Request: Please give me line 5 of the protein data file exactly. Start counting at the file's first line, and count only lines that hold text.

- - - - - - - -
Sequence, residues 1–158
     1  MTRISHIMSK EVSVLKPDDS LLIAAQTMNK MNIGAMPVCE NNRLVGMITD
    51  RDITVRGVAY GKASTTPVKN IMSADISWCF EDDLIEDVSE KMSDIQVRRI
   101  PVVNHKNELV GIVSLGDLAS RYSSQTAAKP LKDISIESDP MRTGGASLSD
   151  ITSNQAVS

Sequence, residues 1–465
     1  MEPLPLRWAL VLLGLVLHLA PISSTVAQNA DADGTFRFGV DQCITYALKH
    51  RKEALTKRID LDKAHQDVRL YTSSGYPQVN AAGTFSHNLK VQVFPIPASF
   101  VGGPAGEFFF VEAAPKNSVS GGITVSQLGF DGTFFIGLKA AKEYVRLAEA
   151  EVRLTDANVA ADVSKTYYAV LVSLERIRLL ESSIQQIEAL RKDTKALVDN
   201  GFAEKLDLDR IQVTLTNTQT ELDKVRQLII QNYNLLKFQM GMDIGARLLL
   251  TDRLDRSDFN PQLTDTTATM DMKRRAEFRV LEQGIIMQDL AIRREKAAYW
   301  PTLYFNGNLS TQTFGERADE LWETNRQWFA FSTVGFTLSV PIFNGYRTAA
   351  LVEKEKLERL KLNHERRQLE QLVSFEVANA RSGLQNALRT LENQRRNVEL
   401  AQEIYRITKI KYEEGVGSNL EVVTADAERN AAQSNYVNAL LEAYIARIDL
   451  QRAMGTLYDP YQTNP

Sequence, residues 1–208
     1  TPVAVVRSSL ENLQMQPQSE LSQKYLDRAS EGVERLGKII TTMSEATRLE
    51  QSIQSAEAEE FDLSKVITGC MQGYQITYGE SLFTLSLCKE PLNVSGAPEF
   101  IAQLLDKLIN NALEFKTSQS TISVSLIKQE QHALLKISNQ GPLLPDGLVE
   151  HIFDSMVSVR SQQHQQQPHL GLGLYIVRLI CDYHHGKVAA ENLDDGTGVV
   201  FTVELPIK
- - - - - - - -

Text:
   151  ITSNQAVS